Heterophylly: One Plant – Different Leaves

The leaves of a plant are often a crucial feature for species identification: the leaf of the Wych Elm (Ulmus glabra) has a serrated edge, the leaves of the Wild Tulip (Tulipa sylvestris) are soft and hairless, and the leaves of the Guelder Rose (Viburnum opulus) are always arranged oppositely. There are many examples of plants whose leaves look so unmistakably that the corresponding species can be confidently identified. However, this does not apply to all plants! Some species respond to environmental influences by changing certain characteristics of their leaf shape, such as the size of the leaf surface or the density of leaf venation.

“Leaf polymorphism” (heterophylly) means that a single plant can have very differently shaped leaves. Some herbs can produce several very different leaf forms, so distinct that they might not be attributed to the same species. A notable example of this is found in some species of the genus Ranunculus, commonly known as buttercups. For instance, the Water Buttercup (genus Ranunculus, section Batrachium) has two completely different leaf forms: the finely divided leaves underwater (submerged leaves) and the roughly three-parted dissected leaves that float (floating leaves).

To understand the phenomenon of heterophylly, one must consider the genetics of the plant. The Water Buttercup has a genotype, a genetic basis for its plant traits, but two different leaf phenotypes (physical appearances). Through years of research, even at the molecular genetic level, scientists have determined which genes need to be activated to initiate the formation of a specific leaf shape. The role of plant growth hormones, their concentrations, and flows that determine the final leaf shape has also been investigated. In the case of the Water Buttercup, the pronounced leaf polymorphism is an adaptation to the environment.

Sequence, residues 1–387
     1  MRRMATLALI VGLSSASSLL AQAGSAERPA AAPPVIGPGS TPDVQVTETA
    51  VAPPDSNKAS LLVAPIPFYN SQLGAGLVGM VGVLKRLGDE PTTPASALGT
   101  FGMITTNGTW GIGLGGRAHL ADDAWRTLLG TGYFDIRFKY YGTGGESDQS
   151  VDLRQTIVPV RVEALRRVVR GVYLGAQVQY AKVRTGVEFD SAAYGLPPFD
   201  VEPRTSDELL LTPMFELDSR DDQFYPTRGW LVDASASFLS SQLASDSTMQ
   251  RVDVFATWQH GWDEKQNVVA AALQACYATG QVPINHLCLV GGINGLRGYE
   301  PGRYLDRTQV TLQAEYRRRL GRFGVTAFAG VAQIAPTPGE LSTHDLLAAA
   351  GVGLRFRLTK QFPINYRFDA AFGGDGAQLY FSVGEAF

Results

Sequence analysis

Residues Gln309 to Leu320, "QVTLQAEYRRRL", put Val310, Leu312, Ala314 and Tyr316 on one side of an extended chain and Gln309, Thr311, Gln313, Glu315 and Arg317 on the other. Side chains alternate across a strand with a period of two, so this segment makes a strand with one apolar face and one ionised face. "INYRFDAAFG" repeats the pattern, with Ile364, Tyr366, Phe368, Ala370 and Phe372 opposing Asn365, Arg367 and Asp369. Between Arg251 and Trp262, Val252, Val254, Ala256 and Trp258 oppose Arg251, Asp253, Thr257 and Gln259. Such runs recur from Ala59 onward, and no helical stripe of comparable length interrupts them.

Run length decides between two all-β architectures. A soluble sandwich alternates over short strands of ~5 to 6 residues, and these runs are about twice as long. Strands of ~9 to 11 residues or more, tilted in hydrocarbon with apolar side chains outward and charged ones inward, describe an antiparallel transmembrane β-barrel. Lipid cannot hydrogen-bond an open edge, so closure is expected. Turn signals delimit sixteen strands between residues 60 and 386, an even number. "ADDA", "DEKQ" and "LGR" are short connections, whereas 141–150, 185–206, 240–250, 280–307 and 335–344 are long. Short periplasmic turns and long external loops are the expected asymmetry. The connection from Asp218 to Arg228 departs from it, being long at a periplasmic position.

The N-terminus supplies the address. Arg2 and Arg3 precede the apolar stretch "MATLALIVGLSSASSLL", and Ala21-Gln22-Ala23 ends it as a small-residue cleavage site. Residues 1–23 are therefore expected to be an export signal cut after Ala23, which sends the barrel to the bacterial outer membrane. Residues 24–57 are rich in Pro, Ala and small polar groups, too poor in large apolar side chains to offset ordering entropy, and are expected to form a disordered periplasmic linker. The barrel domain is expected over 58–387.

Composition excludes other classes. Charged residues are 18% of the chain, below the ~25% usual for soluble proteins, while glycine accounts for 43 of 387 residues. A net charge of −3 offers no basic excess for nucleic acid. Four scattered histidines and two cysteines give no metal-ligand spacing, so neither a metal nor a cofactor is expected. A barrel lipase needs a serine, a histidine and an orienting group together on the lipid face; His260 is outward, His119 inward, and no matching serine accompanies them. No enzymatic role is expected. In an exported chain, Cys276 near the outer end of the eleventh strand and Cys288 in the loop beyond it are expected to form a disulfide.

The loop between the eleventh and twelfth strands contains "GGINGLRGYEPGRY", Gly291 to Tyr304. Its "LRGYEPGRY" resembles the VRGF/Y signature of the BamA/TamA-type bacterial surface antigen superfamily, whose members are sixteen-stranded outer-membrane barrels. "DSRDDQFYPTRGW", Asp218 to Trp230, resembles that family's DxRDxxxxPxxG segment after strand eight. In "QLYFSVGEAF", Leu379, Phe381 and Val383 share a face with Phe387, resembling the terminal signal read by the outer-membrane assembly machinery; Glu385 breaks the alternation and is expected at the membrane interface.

However, there are also examples of leaf polymorphism that remain mysterious to this day, as they cannot be explained by environmental adaptations. Among the early spring plants that push their leaves out of the ground, there is the Goldilocks Buttercup (Ranunculus auricomus agg.). What sets this group of species apart is that the same plant can produce completely different leaf forms, depending on whether it has just emerged from winter dormancy, whether it is flowering, or fruiting.

Within a plant individual, an entire leaf cycle occurs, starting with relatively small and simply three-parted leaves (initial leaves) that emerge immediately after winter. Around April, when the plant starts to bloom, more or less deeply divided leaf forms appear, typically used for species identification. Later in the year, when the plant is fruiting, less dissected leaf forms reappear (summer leaves, final leaves). These resemble the initial leaves but are larger. Why the Goldilocks Buttercup exhibits such leaf diversity within a year remains unclear. An adaptation to the environment, as in the case of the Water Buttercup, could not be demonstrated here.

What remains a puzzle for plant development poses a real challenge for botanical systematists. How can one reasonably morphologically define a plant species like the Goldilocks Buttercup when it constantly changes throughout the year? A tough nut to crack (and a subject of ongoing refinement) even for Flora Incognita!

This article was featured in the Flora-Incognita app as a story in the summer of 2023. The app provides intriguing information about plants, ecology, species identification, as well as tips and tricks for plant identification. Why not take a look?